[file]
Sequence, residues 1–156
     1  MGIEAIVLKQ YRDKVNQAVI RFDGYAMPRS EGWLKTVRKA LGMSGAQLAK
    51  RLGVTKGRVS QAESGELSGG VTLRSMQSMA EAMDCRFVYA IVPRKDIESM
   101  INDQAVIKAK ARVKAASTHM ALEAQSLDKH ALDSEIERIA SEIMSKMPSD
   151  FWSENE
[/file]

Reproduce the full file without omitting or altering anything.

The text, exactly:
Sequence, residues 1–156
     1  MGIEAIVLKQ YRDKVNQAVI RFDGYAMPRS EGWLKTVRKA LGMSGAQLAK
    51  RLGVTKGRVS QAESGELSGG VTLRSMQSMA EAMDCRFVYA IVPRKDIESM
   101  INDQAVIKAK ARVKAASTHM ALEAQSLDKH ALDSEIERIA SEIMSKMPSD
   151  FWSENE